The concept of renting rather than buying gear isn't new to the professional video production world. What would be the point of buying expensive gear that won't be used often when you can just rent? The thing is, this concept isn't just limited to "the pros."
In this post, we'll mostly focus on one gear: The Camera. The misconception out there is that since low budget filmmakers have little to no budget for their films, they can't afford to rent, and therefore they must buy a camera or they'll have no chance of filming anything.
So pretty much filmmakers with a budget rent, and those without one buy. It sounds a bit weird when I say it like this, but a lot of us do work like this. When I'm hired for a project, like a music video or commercial, I always rent all kinds of gear because there's a budget, but when working on a personal short film, I only use the gear I already own.
"Independent" doesn't mean "no budget"
We have no problems shelling out thousands on gear and software, but for some reason we avoid spending a penny on our own projects under the pretext that it's a "no budget" project.
There's no such thing as a "no budget" project!
Seriously, this whole No Budget Filmmaking thing is a myth. The gear you're using on set, your camera, your computer, and your software cost money, so where's the no budget part? "No Budget" is really just a fancy term that means that everyone involved in the project is a volunteer. That's it.
What I learned while camera shopping
I've had my Canon t2i since 2010, and for a while now I've been wanting to upgrade to something better. My budget was $5000, but the problem was there were no $5000 cameras that I really deemed worthy of $5K. The Blackmagic cameras came close, but the fact that they only went up to 30p means I'd be screwed if I ever needed to do a slow motion shot.
I wanted to move away from DSLRs altogether, so a 5D Mark III wouldn't be a suitable upgrade either. I looked at the C100, but to me it wasn't that big of an upgrade over my t2i, plus no 60p! Why Canon would release a $5000+ camera without features found in its $500 DSLRs is beyond me.
Truth be told, the only 2 cameras that I felt would be worth owning were the RED Scarlet or the RED Epic, but these were way out of my budget to buy.
And then the light bulb turned on!
Why the hell was I crying over the fact that I can't afford to buy a RED? Seriously! People don't just buy a RED, they rent them!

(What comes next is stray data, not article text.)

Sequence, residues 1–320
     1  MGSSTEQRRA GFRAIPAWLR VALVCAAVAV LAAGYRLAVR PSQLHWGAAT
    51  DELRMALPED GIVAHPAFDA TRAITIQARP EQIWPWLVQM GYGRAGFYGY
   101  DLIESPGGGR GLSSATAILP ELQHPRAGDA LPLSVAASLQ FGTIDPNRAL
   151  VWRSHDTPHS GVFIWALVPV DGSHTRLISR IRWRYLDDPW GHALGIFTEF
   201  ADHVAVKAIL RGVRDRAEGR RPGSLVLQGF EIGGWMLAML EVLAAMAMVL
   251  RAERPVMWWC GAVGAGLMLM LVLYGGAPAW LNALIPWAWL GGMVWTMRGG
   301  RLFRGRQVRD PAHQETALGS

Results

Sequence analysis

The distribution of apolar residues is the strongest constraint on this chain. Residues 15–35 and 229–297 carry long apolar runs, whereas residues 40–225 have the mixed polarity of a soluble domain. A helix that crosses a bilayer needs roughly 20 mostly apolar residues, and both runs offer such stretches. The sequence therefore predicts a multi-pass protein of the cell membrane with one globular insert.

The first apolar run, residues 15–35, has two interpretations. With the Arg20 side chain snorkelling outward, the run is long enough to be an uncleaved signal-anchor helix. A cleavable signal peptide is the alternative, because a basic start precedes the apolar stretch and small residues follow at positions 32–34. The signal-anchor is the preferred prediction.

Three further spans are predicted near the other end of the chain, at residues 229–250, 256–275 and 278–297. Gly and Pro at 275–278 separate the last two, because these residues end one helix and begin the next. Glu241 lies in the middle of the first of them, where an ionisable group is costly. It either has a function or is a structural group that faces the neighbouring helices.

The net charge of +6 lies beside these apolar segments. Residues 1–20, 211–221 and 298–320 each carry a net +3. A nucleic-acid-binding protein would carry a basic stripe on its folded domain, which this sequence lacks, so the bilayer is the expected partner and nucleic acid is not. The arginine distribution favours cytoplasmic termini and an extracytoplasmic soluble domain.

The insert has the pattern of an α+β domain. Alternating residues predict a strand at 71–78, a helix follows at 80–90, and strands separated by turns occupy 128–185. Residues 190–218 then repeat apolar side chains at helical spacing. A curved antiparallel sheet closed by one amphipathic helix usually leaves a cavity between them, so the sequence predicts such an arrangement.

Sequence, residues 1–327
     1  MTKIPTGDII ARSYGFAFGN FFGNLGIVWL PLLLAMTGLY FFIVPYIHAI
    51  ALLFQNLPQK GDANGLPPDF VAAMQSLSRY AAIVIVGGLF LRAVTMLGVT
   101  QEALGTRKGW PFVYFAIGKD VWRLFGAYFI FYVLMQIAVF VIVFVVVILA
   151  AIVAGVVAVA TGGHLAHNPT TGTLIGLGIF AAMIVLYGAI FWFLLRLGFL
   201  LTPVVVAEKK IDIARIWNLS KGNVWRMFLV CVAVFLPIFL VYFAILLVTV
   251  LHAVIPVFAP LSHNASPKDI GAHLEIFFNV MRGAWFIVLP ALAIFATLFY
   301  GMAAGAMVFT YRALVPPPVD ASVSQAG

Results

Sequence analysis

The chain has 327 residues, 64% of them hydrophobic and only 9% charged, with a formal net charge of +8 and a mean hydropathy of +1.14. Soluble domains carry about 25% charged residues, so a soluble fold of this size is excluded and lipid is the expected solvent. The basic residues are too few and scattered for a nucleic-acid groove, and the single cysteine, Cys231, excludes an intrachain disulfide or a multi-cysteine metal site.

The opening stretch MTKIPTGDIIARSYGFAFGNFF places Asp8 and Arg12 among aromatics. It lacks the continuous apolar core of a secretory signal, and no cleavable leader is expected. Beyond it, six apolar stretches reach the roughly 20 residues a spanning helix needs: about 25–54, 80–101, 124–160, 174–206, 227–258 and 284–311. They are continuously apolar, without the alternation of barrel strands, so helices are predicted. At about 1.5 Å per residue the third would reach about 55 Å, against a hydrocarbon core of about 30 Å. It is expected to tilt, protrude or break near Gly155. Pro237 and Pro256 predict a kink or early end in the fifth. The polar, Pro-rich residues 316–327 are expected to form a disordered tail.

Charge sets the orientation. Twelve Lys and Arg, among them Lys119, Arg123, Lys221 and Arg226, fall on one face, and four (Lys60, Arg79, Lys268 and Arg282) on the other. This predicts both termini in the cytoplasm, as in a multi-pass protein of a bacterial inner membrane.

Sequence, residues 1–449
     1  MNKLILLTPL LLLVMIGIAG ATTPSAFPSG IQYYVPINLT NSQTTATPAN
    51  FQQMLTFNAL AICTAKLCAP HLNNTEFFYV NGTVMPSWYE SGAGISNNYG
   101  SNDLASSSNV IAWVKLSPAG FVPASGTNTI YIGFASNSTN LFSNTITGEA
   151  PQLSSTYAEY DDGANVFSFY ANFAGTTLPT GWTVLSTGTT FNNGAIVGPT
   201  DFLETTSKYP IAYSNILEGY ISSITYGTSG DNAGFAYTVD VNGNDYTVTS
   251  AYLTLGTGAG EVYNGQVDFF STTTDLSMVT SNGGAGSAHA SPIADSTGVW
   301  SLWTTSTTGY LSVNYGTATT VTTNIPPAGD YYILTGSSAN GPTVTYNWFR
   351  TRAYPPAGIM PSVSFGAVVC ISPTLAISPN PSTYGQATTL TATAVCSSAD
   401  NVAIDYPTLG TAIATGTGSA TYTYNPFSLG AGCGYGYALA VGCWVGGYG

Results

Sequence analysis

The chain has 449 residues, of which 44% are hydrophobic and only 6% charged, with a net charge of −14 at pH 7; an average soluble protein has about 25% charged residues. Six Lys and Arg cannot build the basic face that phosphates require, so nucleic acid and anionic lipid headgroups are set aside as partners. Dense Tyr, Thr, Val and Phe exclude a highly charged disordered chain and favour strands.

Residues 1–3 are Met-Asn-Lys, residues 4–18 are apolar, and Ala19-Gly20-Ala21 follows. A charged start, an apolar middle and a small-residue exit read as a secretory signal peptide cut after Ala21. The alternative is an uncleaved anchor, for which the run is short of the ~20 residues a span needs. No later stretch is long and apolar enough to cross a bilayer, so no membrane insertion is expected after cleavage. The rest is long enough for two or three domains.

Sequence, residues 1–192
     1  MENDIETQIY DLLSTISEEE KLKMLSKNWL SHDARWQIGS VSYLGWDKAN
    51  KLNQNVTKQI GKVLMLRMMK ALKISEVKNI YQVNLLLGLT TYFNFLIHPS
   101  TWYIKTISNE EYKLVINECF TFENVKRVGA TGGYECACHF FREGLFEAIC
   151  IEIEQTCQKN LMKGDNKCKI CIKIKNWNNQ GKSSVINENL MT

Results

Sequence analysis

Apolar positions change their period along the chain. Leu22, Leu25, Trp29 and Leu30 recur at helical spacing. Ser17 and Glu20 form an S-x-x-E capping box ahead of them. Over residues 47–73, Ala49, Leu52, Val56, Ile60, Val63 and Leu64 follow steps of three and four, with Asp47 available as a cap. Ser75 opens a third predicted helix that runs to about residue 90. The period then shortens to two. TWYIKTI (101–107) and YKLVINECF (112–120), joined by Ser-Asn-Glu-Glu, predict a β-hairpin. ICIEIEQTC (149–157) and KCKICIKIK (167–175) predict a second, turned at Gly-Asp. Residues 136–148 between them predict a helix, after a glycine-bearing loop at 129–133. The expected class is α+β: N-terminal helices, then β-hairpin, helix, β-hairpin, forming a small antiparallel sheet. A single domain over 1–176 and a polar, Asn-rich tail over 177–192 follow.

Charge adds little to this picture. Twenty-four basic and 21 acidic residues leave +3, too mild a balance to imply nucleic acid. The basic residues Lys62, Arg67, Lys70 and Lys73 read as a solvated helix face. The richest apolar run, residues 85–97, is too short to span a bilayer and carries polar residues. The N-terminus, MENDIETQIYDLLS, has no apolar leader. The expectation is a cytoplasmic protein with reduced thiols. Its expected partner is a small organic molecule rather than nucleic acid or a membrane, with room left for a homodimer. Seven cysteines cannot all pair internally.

My dumb self: But, but... I'm a low budget Filmmaker, I can't rent a RED for a short film!
My smart self: But you can spend $5000 on a camera that you'll no longer want a year after purchase?
My smart self was right! It wasn't that I had no budget for a short film, I just wasn't planning on spending that budget properly. Instead of budgeting food, rentals, props/wardrobe, and compensation for my crew, I just wanted to get a shinny new camera and then try to spend as little as possible on the actual production.
A Smart Alternative to Buying a Camera
Budgeting is part of the film business (keyword here is business), and in order to move forward and do the things I wanted to do, I realized that I needed to drop the no budget filmmaker mentality.
So I had a vision! What if, instead of spending $5000 on a new camera (that would indeed be outdated within a year) I used that money to fund 2 short films at $2500 each? I found out that I could rent a RED Scarlet for as little as $500 a week, which would still leave me $2000 for locations, food, props/wardrobe, and even compensation for my cast and crew.
So as long as production for each short film didn't go over one week (scheduling is part of the business also) I could shoot 2 films on a RED while still having the budget left over to do things I've never done on personal shoots. That's a much better investment than blowing $5k on a camera, isn't it?
I also realized that I could use these short films to showcase current and upcoming RodyPolis products. So not only would I benefit by having 2 new great films in my portfolio, but these 2 films could also be used as advertisement for my products. Owning a new camera can't do all of that!
Your situation might not be exactly like mine, but it doesn't have to be. What I want you to do is to start thinking beyond the "no budget filmmaker" mentality. Films have budgets, so before spending a lot of your money on gear, consider if renting won't better help you achieve your goals.
I understand the desire to spend all your money on gear so you can use it whenever you want, but that's really not as important as some of us make it out to be. When you actually have a specific project in mind, take the time to budget it and you'll realize all the stuff you'll be able to do when you just rent.
So don't worry if you can't yet afford to buy the new Blackmagic 4K, or a C300. With the money you'd spend buying these cameras and accessories, you can do so much more if you just schedule your shoots and rent (or borrow) a few stuff. Cameras come and go, so focus less on gear and more on your goals as a filmmaker.
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